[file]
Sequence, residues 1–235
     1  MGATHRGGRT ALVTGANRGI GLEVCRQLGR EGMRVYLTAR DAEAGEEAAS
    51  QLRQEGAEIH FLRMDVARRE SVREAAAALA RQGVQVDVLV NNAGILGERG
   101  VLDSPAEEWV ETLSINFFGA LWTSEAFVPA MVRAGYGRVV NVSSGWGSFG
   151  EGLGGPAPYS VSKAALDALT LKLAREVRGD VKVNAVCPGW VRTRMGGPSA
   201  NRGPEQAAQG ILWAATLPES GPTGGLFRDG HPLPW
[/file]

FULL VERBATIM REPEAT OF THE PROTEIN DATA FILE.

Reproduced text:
Sequence, residues 1–235
     1  MGATHRGGRT ALVTGANRGI GLEVCRQLGR EGMRVYLTAR DAEAGEEAAS
    51  QLRQEGAEIH FLRMDVARRE SVREAAAALA RQGVQVDVLV NNAGILGERG
   101  VLDSPAEEWV ETLSINFFGA LWTSEAFVPA MVRAGYGRVV NVSSGWGSFG
   151  EGLGGPAPYS VSKAALDALT LKLAREVRGD VKVNAVCPGW VRTRMGGPSA
   201  NRGPEQAAQG ILWAATLPES GPTGGLFRDG HPLPW